Bridget at home

Following on from yesterday’s blog, I now have ‘Halloween toe’. It is black, green, purple and red. It looks like it is going to drop off any second.

I cant bend it so I am walking like John Thorn, lifting my foot up, along and down like a robot. I was dreading someone asking what was wrong and was trying to think up a reason other than the real reason (because it is a tad embarrassing). I thought my husband was heading for a mid-life crisis…….

Talking of which, my husband told me there is this girl in his office who sounds and looks like Bridget Jones. I think ‘why would he want a Bridget at work when he has one at home?’.

The cheating husband of a friend of mine mentioned to me that she and I should share a horse together (because he wants her to use the money he has got o make his guilt diminish through buying big things for her). I’m not going to help him do that.

Secretly my friend is planning to turn her house into a woman’s refuge for wives who have been let down in some way by their husbands. What with the children and the dogs associated with all the wobbly marriages we are aware of it would become a cult.

This blog is for Unicef.

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What was your day like?

I woke up feeling the day was doomed before I even began. But sometimes the more you dread something, the better it turns out to be and, in this case, today was spot on. If daily life is a hurdle race I Sally Gunnelled it today (and that was after a night spent sleeping on the sofa after hubby pissed me off).

Conversely, the more you look forward to something, the more crap it turns put to be. That has been my daughter’s experience lately. Spiteful girls making her feel rubbish at Brownies and being at the wrong place at the wrong time for Xmas play auditions, so other friends claim credit from a script an act that she did entirely herself, spending an hour working on it the night before. As a parent I am torn when I hear these experiences. Part of me feels awful for her and I offer what help I can to sort it out and the other part looks on the positive side of her building up  resistance levels to some ‘hard knocks’ in life.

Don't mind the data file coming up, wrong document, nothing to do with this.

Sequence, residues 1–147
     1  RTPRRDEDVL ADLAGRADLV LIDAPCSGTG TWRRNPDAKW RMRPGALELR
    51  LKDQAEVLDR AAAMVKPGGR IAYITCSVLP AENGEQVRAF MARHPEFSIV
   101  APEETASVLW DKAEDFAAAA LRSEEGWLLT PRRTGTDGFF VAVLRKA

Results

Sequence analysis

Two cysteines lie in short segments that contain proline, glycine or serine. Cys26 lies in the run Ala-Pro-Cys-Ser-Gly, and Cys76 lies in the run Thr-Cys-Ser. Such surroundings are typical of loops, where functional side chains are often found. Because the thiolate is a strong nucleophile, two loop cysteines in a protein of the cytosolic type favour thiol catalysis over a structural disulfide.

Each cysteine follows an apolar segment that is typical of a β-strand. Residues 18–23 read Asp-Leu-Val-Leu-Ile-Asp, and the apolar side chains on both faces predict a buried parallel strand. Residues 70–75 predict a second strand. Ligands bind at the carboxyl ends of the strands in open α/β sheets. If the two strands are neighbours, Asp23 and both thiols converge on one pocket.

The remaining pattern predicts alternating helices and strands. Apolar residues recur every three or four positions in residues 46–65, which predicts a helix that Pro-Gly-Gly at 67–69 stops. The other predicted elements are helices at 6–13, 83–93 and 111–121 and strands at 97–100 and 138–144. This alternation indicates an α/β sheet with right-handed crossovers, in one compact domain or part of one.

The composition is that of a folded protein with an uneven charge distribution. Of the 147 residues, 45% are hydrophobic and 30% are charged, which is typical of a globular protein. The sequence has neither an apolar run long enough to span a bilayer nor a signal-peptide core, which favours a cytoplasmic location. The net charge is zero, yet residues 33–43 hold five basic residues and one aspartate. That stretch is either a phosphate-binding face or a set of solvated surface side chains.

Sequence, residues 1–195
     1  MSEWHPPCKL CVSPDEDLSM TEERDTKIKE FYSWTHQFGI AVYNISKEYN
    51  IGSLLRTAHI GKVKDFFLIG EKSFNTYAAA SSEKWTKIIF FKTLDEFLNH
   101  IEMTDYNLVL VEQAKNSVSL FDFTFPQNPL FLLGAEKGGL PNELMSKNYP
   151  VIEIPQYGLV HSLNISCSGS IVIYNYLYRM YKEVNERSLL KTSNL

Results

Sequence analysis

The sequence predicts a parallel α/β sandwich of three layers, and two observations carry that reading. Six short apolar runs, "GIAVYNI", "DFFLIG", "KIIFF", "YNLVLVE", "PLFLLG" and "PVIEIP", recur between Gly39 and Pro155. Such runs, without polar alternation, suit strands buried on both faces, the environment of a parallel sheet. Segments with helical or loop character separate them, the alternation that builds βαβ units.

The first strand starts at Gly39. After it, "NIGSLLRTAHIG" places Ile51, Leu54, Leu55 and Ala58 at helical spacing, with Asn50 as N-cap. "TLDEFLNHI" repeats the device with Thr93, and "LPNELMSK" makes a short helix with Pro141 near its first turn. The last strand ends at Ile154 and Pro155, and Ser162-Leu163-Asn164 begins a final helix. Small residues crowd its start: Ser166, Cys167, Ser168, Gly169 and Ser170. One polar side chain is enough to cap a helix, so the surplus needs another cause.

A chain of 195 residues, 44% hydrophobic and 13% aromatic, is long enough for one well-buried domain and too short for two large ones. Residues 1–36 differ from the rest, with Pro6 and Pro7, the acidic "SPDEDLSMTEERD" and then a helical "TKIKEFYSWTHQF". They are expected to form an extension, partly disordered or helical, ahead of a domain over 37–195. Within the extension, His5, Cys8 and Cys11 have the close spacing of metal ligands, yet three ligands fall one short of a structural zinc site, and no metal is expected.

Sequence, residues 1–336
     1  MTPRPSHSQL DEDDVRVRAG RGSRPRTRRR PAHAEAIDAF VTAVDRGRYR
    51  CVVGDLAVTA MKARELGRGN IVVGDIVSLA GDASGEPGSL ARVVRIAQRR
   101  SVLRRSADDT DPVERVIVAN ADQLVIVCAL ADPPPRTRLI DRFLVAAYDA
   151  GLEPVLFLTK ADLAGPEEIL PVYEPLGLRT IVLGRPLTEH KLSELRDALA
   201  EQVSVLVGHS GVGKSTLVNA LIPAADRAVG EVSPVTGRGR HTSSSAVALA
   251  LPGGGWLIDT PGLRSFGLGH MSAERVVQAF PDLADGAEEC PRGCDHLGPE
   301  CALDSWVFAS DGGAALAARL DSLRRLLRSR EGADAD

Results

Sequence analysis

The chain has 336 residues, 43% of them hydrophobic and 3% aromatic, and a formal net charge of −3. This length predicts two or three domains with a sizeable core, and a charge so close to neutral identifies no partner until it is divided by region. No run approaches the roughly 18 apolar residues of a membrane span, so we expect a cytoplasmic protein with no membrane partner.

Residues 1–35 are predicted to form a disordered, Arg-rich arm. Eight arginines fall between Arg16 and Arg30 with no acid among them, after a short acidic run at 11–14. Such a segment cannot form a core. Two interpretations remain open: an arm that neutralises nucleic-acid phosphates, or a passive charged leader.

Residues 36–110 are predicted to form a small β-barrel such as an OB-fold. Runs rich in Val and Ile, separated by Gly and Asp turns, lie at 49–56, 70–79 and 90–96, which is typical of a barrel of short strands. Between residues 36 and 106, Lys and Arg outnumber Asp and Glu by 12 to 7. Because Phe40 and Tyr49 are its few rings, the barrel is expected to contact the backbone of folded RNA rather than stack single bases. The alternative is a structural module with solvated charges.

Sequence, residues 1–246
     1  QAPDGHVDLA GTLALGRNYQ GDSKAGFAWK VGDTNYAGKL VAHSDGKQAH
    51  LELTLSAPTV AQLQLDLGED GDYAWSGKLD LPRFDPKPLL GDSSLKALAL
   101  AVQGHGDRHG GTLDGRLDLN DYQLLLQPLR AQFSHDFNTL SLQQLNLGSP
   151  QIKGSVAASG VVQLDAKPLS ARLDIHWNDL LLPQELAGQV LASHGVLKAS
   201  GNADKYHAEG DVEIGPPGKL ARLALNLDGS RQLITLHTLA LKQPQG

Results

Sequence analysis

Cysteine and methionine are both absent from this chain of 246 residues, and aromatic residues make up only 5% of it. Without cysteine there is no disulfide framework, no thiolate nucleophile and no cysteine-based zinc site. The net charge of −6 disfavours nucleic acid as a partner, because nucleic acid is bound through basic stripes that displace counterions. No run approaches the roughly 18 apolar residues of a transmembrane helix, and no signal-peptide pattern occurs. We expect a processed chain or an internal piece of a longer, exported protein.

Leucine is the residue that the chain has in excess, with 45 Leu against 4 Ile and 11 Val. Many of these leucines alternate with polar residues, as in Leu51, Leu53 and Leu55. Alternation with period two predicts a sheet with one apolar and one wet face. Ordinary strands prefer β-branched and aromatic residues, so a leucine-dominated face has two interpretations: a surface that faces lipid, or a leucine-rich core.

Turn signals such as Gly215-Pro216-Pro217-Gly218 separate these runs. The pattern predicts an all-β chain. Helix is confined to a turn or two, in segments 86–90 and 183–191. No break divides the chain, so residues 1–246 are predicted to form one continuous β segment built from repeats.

If you can enjoy the rough with the smooth then life seems worth the struggle.

This blog is for Unicef.

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The perfect match, is he out there?

My friend has had to make a tough call and pull the plug on a relationship with a man who can, at best, be described as a commitment phobe. After three years she can no longer wait for him to ask her to go on holiday together, let alone move-in. He still has his ex-girlfriend visiting his house to see his dogs and has even been spotted going out with his ex for ‘the occasional drink’. The worst thing is, it was him that proactively sought my friend for a relationship even while he was still living with his ex. My friend refused to start anything until he ended the relationship with his current girlfriend. Two weeks later he turns up on her doorstep having booted his ex out of the house and ended it. Three years later he does the same to my friend and she didnt even get the chance to live with him.

My friend is one of those rare breeds of people who put others before themselves and have nothing but good intentions, no hidden agendas. She deserves happiness yet she only finds the opposite with the men in her life (a bit like Kylie Minogue).